Steve Powell is led from a courtroom shortly after being sentenced to 30 months in prison for voyeurism, Friday, June 15, 2012, in Tacoma, Wash. Powell, the father-in-law of missing mom Susan Powell, was convicted last month based on evidence that was uncovered during the police investigation into the 2009 disappearance of his daughter-in-law, who has never been found.
Ted S. Warren, AP
TACOMA, Wash. — Despite being sentenced to 30 months in prison for voyeurism, Steven Powell will be released less than a year from the day the sentence was handed down, officials said Friday.
Powell, 62, is scheduled to be released from custody May 23, 2013 — 338 days from the time the sentence went into effect on June 19, Washington Department of Corrections spokeswoman Selena Davis said. Powell was sentenced to 30 months in prison for 12 counts of voyeurism by Pierce County Superior Court Judge Ronald Culpepper June 15.
At that hearing, Culpepper said the fact that Powell filmed his young neighbors while they were in the bathroom of their own home warranted an exceptional sentence. But with credit for the 271 days Powell spent in jail, coupled with other reductions, the sentence won't go beyond a year.
Davis said the original sentence amounted to 913 days. With a reduction of 135 days for good behavior in jail, another reduction of 169 days because Powell's offense was non-violent and the credit for the time served, the sentence is actually 338 days.
Davis said Powell is currently being housed at the corrections center in Shelton, Wash., in the Intensive Management Unit. All offenders spend the first four to eight weeks of their sentence at the facility to allow for an evaluation of their needs and custody level, Davis said, but Powell was placed in the Intensive Management Unit "for his own protection."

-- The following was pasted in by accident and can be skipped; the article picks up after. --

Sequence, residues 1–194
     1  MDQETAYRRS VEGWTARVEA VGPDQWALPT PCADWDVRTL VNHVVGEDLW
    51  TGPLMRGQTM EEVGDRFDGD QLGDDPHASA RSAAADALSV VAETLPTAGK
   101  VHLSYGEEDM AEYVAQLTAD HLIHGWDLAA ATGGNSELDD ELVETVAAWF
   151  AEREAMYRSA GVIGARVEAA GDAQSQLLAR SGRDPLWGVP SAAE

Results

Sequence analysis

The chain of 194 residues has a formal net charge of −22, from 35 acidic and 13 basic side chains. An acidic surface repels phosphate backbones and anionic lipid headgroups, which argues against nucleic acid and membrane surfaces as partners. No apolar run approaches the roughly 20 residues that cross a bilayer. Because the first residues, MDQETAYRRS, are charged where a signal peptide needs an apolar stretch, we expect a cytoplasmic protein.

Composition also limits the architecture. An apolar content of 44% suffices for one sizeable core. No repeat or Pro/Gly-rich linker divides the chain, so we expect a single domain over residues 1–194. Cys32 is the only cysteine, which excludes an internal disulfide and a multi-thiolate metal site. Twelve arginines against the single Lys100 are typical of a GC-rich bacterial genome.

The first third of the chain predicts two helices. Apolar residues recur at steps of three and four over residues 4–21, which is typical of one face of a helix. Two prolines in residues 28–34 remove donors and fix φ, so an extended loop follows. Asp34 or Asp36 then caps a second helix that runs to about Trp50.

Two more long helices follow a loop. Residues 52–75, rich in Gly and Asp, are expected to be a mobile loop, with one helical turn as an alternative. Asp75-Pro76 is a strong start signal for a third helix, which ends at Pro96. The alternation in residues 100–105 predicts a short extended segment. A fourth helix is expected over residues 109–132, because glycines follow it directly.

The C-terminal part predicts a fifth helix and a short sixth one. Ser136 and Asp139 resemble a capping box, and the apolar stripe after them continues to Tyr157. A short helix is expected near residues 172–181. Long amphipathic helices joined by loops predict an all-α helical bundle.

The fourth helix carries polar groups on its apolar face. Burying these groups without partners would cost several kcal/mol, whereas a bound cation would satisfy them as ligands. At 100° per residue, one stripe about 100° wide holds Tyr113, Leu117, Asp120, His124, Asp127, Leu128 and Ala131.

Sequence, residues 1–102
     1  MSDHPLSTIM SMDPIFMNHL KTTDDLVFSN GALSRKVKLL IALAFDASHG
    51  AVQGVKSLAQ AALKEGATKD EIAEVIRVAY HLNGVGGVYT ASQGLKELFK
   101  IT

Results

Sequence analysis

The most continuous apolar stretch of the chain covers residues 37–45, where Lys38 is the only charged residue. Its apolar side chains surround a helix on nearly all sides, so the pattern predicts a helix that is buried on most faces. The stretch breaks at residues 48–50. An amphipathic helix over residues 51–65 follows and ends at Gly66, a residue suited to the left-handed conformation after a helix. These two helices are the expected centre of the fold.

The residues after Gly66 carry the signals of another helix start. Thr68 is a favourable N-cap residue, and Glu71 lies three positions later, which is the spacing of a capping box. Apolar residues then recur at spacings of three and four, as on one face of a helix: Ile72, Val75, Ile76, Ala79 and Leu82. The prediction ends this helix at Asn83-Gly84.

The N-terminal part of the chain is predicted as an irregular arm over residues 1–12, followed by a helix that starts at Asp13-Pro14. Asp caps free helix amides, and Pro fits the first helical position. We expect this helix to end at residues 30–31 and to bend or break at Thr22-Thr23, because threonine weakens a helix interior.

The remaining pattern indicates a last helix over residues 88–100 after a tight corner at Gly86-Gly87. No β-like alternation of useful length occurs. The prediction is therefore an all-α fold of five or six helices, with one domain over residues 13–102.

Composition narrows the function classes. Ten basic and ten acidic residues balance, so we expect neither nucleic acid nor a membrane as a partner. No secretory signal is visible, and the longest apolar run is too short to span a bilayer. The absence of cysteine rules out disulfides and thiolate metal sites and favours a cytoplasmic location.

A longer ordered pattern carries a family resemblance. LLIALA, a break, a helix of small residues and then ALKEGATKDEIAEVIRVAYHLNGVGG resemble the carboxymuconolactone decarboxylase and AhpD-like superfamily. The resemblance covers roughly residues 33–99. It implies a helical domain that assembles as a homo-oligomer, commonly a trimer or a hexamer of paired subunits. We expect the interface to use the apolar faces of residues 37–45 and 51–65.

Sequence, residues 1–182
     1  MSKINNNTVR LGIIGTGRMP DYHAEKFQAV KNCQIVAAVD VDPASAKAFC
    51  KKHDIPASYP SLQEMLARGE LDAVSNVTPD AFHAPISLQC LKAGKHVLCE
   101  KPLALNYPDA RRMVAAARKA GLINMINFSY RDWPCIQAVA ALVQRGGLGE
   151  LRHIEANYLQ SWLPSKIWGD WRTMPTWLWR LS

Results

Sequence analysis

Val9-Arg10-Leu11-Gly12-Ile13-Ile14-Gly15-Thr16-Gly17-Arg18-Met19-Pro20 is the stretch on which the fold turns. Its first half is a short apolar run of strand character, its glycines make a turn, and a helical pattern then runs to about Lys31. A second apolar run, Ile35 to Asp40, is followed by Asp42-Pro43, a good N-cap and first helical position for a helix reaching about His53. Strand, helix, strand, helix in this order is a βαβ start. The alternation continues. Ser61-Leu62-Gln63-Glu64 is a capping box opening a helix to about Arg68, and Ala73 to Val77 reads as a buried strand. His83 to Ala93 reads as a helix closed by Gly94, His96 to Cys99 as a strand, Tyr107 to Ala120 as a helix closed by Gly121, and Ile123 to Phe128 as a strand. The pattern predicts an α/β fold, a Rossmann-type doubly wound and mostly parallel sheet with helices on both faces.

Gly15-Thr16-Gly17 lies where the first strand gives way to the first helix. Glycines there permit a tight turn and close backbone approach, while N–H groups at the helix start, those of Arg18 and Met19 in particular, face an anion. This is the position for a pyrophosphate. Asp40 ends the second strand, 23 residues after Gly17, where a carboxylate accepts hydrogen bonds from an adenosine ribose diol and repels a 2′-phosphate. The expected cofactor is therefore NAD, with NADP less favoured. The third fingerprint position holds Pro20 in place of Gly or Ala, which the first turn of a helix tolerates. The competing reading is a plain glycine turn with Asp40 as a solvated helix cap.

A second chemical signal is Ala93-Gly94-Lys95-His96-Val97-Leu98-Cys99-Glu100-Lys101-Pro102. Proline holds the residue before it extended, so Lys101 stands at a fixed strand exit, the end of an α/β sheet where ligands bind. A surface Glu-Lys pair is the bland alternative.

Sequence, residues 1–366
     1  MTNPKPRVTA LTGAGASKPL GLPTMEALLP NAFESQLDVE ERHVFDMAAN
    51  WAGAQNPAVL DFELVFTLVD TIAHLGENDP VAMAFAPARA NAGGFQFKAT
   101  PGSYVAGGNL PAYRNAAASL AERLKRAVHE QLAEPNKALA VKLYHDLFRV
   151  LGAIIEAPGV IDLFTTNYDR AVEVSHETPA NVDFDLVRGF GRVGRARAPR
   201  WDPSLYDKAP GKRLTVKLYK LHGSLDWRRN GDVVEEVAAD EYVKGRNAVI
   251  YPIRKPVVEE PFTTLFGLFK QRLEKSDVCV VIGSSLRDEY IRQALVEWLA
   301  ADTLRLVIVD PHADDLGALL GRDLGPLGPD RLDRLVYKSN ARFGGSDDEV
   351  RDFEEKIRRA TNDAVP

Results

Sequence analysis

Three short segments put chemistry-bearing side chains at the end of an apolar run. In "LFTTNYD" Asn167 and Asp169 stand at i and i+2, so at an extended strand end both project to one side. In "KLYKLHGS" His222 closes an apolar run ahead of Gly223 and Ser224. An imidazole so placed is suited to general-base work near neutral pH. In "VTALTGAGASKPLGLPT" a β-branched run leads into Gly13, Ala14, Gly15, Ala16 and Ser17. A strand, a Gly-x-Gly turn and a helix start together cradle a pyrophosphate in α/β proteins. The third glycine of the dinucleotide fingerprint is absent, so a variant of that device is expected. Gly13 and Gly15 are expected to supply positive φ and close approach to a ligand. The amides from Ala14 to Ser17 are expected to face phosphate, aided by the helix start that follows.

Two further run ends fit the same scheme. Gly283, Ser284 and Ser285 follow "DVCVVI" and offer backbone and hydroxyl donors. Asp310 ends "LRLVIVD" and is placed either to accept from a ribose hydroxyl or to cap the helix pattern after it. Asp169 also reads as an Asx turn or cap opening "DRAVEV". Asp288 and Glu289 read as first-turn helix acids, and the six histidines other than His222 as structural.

Powell may also be placed in a facility outside of Washington because he was once an employee of the Washington Department of Corrections.
"In some cases, former DOC staff members are sent to out-of-state prisons for their own protection, though it's too soon for us to know where Powell will serve the rest of his prison sentence," Davis said.
Powell's arrest and trial was instigated by the ongoing investigation into the disappearance of his daughter-in-law, West Valley woman Susan Cox Powell. Police, who were investigating her husband Josh Powell, Steven Powell's son, served a search warrant on the Puyallup, Wash., home they shared and seized thousands of photographs of women and girls.
Among them were numerous pictures of two young girls who had been Steven Powell's neighbors. He videotaped and photographed them from his house — just 40 to 50 feet away — by looking into their bathroom through an open door. Most of the photos showed the girls, then 8 and 10 years old, in the nude. They are now 13 and 15.
The girls testified at Powell's trial and said they never gave anyone permission to take pictures of them. He was convicted by a jury of 14 counts of voyeurism in May, but Culpepper vacated two of the counts at sentencing. The victims' mother and prosecutors both wanted a 10-year sentence for the 12 counts.
"Obviously, the family was disappointed in his not receiving the 10 years that was urged by the prosecutor and ... the sentence that was given at 2 ½ years was disappointing, but it's far more disappointing that it's going to be, in reality, under a year," said Anne Bremner, an attorney for the victims and for Susan Powell's family.
"(Considering) the things that he did and how much he violated (them), it's just unacceptable," she said.
Bremner said the family will pursue the lawsuit they've filed against Powell. She also continues to work with Susan Powell's parents, Chuck and Judy Cox.
"I just want this case to have something good come out of it at some point," she said. "Just when you think things can't get worse, it does.